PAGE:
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Tight Hamstrings? Pilates To the Rescue!

Sherry Granader

Passionate about teaching Reformer and Mat Pilates, Sherry is certified through Balanced Body® University with 30 years of teaching a variety of fitness classes including yoga, cardio, and STEP.
Young asian girl doing kick backs on yoga mat
Kick Backs

 As a Pilates instructor, one of the most common complaints I hear from my clients are tight hamstrings. While they make an effort to stretch them out using basic hamstring stretches, it doesn’t appear to last. The good news is that Pilates can improve overall mobility because the exercises in Pilates utilize the entire body.  

  • Tight hip joint
  • Injuries to the low back or back problems, in general
  • Irritated Sciatic nerve
  • Old injuries from younger years
  • Alignment of the pelvis
  • Underactive gluteus maximus muscles
Girl doing pilats teaser at sunset

When your hamstrings are tight, your posture gets out of alignment, movements are restricted, and that can lead to low back pain. Add running, dancing, bending over, sitting for too long, and playing sports of all kinds to the mix, and you can understand how hamstrings can become weak or tight. The good news is that there are specific Pilates exercises that can help lengthen and strengthen your hamstrings.


 We can thank Joseph Pilates for insisting that all exercises begin with the “Powerhouse,” the area between the pelvic bones and the bottom of the ribs. By pulling your abdominal muscles in toward your spine, using the upper and lower abdominal muscles, the “powerhouse” contraction allows you to perform exercises such as the hamstring curl or hamstring pull, with focus and safety.


If you are fortunate enough to have a Pilates studio in your area or can enjoy your own Pilates equipment at home, then you can address those tight hamstrings on the reformer. For example, a rounded stretch known as The Elephant, can stretch both your hamstrings and calf muscles while strengthening your hips and working your powerhouse. Lying on your back on the carriage of a Reformer with your “feet in the straps” will allow you to lengthen your hamstrings while keeping your back and hips down with your abdominal muscles pulled in for support.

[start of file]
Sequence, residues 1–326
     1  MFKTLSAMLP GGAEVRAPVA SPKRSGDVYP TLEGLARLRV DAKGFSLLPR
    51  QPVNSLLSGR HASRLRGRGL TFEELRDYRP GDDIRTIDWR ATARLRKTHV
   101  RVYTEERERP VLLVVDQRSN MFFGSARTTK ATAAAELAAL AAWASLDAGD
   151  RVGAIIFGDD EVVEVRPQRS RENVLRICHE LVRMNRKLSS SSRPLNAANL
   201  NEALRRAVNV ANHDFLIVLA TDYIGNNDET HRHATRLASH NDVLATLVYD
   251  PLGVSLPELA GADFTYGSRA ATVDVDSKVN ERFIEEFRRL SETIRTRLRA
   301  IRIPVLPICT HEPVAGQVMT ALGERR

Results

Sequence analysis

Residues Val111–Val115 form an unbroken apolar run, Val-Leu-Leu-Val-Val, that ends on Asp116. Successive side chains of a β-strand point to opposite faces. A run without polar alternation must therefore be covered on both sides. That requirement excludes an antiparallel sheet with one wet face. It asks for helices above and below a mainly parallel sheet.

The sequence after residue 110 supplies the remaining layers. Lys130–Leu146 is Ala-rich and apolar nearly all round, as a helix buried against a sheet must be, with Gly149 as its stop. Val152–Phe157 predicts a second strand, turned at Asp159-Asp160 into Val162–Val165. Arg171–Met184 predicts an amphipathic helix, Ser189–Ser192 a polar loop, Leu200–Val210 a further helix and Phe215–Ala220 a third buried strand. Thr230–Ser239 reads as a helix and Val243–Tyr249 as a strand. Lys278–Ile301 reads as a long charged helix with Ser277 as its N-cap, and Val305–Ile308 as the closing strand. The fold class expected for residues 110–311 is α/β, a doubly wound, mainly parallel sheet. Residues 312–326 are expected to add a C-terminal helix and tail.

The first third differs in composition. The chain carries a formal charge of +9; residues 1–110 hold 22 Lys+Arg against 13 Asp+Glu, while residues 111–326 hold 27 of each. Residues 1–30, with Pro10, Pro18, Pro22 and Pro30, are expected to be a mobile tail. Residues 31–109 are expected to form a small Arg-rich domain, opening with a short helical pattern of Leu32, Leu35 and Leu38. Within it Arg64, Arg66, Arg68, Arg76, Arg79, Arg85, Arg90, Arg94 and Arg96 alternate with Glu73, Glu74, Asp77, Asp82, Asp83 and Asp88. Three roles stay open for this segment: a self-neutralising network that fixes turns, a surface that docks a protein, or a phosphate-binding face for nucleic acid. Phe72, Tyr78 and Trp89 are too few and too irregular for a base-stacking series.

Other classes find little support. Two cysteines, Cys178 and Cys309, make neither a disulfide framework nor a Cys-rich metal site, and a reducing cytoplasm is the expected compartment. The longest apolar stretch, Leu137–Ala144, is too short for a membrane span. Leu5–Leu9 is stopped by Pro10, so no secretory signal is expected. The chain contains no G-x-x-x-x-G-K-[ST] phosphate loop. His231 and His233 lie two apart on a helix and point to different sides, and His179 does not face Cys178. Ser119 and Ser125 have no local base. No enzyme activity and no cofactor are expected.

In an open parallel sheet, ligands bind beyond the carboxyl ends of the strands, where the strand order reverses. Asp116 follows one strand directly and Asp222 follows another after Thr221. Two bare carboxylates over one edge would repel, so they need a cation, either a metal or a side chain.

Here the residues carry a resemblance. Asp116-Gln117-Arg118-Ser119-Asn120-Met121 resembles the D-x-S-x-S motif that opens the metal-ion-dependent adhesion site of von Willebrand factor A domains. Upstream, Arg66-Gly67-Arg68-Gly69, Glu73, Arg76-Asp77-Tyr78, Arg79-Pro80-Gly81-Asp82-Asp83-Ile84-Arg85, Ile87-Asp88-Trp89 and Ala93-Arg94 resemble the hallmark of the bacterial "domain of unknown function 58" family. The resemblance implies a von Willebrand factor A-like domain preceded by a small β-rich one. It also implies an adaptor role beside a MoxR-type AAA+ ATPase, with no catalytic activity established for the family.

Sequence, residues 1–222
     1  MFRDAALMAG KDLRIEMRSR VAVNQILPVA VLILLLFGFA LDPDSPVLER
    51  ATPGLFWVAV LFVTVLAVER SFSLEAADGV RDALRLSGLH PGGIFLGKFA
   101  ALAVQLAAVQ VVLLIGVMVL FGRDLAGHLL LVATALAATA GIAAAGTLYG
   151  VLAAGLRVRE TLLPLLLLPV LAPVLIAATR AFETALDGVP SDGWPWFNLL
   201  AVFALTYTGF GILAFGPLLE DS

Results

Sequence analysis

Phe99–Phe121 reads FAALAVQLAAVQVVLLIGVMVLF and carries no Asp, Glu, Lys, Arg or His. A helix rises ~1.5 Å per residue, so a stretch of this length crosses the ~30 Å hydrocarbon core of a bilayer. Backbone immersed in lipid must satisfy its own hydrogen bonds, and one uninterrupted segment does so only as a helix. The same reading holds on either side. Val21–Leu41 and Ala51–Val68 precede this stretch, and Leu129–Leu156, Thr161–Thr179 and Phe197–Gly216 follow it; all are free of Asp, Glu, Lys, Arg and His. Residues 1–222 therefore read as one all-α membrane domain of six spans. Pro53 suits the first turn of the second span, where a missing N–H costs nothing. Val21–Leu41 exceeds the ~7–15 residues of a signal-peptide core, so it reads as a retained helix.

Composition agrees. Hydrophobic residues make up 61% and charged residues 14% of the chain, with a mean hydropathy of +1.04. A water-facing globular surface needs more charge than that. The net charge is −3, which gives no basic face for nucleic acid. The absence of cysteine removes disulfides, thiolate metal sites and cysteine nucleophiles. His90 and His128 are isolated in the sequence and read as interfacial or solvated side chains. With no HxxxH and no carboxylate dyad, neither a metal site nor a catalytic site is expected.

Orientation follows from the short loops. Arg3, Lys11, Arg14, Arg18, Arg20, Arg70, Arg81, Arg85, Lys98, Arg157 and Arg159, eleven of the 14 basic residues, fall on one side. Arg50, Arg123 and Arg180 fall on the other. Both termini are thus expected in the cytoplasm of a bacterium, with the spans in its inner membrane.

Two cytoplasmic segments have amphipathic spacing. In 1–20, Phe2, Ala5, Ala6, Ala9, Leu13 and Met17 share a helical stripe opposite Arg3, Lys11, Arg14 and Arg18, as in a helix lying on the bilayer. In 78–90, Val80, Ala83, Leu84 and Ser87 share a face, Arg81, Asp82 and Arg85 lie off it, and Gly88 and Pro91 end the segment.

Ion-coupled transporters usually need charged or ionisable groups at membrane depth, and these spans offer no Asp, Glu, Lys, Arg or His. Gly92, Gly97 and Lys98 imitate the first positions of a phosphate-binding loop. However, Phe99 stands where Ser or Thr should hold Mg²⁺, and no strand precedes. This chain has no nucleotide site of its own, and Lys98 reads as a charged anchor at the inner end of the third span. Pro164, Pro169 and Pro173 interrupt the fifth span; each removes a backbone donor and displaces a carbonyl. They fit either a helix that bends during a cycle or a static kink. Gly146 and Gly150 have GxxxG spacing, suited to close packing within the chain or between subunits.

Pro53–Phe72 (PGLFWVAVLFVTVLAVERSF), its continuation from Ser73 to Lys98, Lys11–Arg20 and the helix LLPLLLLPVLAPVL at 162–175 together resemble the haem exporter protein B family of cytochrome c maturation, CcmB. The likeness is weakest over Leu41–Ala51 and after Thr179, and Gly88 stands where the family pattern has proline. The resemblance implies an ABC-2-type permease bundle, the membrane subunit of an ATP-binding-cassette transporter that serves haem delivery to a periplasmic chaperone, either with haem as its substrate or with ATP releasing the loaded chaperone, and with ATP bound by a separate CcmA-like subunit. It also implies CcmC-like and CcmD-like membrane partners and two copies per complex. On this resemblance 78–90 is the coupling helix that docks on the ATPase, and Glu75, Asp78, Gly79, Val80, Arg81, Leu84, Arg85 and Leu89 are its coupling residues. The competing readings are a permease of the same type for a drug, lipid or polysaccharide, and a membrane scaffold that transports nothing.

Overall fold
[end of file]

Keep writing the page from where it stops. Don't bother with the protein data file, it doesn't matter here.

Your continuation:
Five women in a row working out on a pilates reformer
Five Women on a Pilates Reformer

In order to make this an effective stretch for your hamstrings, flex your feet during the stretch by pressing your heels toward the ceiling which will activate your hamstrings in the back of your legs. While in this position, make sure you keep your back and hips on the reformer as you straighten the legs in a 90-degree angle. You can also alternate between pointing your toes to lessen the stretch and flexing your feet to intensify the stretch.


 If you have a Pilates Chair, you can stretch your calves, hamstrings, and Achilles tendons while strengthening your abdominal muscles using different springs to strengthen and lengthen the hamstrings.


 The easiest way to try Pilates at home is on a mat using some beginner exercises that can help release tight hamstrings while strengthening them. For example, Roll-Ups strengthen the Powerhouse and stretch your hamstrings by beginning with your head, torso, with feet flat on your mat, arms to your side, and progress through an articulated roll-up as the arms stretch forward, curving your body over your legs and the legs straighten to the floor, keeping the toes pointed.

It is best to learn exercises by taking a Reformer Pilates class on equipment or a Mat Pilates with a qualified, nationally certified instructor who can teach you proper form and alignment with appropriate variations, when needed. The more skilled you become, the faster you can learn more advanced movements that will allow you to strengthen and lengthen your hamstrings. 

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